Most pessimists of a certain economy/economies have their day someday. So, time is ripe for China’s pessimists and they go abuzz saying “Didn’t I I tell you”? All this while those who built their careers over China’s optimism have been shrugged aside. How quickly the tides turn really.
Jim Chanos the China pessimst is one such fugure. In this interview, he calls the country as an emperor with no clothes. It is still not naked but is getting there:
Lynn Parramore: You’ve been skeptical towards China for a long time. What did you see that set off alarm bells?
Jim Chanos: Way back in fall of ‘09 we were looking at why the global mining business was actually doing so well through the teeth of the recession, the crisis of 08-09. I knew intuitively it was because China was a vast source of demand for commodities, but I didn’t know how much until my real estate analysts put some numbers up on the white board. One of them said that as of the summer of 09, China had 5.6 billion square meters of real estate under development, both approved and pending. He said half of that was apartment buildings and half of it was commercial and mixed-use. I said, wait a minute — you’ve got the decimal point wrong because 5.6 billion square meters is 60 billion square feet. And it can’t be. He looked at me and checked the numbers a few times and said, “It’s 5.6 billion square meters.”
That was the “ah-ha” moment. If half of that was office and mixed commercial space, — 30 billion square feet out of the 60 — and China has 1.2 -1.3 billion people, then you’ve got a 5’ x 5’ office cubicle for every man, woman, and child in the country! That’s all been built, by the way. I think the latest number on that time series shows 10.6 billion meters currently under development.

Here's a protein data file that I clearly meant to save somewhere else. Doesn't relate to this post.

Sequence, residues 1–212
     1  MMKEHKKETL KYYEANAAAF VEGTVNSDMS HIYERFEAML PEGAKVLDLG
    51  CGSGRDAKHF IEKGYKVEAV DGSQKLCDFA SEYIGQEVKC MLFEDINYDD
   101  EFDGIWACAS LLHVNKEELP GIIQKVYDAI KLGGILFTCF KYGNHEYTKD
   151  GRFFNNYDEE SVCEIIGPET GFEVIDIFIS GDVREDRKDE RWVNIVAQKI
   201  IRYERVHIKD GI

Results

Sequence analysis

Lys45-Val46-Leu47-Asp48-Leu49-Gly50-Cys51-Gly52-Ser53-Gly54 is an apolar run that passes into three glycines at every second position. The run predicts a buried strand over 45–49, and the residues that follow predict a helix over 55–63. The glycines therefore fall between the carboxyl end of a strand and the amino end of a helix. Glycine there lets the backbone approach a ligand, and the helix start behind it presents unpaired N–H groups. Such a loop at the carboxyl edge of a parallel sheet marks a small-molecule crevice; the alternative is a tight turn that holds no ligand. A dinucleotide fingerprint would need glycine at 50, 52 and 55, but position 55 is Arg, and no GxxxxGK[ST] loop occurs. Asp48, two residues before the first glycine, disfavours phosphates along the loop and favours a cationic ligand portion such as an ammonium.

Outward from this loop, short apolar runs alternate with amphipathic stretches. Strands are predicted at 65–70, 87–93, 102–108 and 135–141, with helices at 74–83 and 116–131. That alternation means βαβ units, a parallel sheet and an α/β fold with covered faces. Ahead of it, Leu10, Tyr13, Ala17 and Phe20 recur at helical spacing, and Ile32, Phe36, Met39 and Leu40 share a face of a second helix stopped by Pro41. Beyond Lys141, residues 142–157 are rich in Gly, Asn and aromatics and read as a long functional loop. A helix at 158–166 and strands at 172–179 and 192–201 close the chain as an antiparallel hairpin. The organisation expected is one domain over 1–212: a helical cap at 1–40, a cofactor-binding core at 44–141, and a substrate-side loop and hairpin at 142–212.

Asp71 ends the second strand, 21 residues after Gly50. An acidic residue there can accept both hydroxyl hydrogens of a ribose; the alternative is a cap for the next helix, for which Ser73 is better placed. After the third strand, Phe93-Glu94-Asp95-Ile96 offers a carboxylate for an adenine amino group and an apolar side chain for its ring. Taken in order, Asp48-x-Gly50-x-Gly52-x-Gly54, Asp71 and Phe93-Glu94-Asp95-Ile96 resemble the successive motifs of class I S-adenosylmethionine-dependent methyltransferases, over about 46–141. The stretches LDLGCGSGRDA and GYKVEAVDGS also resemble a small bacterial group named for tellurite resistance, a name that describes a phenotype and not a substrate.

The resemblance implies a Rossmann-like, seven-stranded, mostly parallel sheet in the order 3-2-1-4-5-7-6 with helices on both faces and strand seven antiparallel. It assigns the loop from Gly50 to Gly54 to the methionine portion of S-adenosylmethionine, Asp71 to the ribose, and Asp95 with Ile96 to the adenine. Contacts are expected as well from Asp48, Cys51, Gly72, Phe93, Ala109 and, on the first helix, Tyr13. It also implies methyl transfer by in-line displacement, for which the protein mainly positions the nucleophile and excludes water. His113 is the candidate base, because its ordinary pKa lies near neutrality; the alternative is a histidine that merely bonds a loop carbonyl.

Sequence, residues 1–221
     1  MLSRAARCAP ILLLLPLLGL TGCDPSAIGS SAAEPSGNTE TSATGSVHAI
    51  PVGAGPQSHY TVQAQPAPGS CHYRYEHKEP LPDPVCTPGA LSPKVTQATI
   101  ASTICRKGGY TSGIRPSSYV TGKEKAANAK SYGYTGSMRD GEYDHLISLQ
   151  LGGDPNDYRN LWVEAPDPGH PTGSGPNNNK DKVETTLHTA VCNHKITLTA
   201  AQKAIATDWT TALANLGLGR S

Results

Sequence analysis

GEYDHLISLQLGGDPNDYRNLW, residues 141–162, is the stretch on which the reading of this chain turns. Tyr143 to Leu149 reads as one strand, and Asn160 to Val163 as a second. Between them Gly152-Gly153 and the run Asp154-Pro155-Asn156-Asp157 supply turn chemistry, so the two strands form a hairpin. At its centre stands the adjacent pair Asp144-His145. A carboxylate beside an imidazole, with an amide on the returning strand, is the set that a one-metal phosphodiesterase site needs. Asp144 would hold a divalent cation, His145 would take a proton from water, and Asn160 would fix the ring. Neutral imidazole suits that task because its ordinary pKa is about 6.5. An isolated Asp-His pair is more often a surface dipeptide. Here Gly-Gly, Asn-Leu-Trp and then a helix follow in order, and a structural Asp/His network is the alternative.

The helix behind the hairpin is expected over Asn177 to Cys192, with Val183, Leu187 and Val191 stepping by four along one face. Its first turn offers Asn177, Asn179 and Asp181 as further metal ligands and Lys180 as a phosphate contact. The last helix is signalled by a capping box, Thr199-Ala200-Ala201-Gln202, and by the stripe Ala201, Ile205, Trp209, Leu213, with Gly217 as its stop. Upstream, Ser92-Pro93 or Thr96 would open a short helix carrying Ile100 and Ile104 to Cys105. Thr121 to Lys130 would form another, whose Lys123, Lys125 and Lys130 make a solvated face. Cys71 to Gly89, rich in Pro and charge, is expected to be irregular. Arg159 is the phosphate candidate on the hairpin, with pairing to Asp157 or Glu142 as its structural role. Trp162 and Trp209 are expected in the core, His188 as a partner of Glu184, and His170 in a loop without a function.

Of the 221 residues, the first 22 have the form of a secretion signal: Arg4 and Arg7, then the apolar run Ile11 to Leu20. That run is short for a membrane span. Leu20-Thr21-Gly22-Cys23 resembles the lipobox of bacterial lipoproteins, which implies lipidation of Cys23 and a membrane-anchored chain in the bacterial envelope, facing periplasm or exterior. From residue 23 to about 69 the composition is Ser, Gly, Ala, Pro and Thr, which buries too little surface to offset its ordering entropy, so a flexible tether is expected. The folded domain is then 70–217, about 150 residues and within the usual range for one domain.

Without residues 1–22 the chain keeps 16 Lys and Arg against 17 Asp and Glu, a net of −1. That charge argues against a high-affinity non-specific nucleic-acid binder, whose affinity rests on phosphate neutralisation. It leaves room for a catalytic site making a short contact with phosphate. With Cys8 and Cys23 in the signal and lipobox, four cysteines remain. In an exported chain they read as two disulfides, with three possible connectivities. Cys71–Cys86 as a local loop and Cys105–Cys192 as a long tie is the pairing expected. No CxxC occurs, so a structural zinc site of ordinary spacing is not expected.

It hit me as to just how vast the real estate build-out was. It was as if they had combined our commercial real estate bubble of the late 80s with our residential bubble of the millennium. Only they were doing it all at the same time. As we began to dig deeper into the numbers, we saw that their physical investments as a percentage of GDP was 50 percent. What they were doing was just stunning. They were literally building a whole country in a matter of years.
Now, when you do that, just by the nature of the accounting identity, you can control your growth. You can almost make it whatever you want as long as you have willing capital and lending ability to finance it. That’s why I always joke that China is the only industrialized country that knows its annual GDP on Jan. 1 st of that year. Because it’s planned. You can truly manufacture your growth. Now, you may end up with lots of white elephants and a banking system with lots of bad loans, and that’s the problem, whether you’re a closed system or an open system or somewhere in between (which is what I believe): a closed system with lots of leakage. At the end of the day, other countries have tried this model and it doesn’t really work that well. The Soviet Union and Japan, to some extent, in the late 80s, followed this model.
If you do dumb economic things, whether you’re capitalist, communist, or some hybrid, you ultimately pay the price.
Dumb economic things? It all depends on the cycle one is in. If on an upswing the same things are termed as smart things..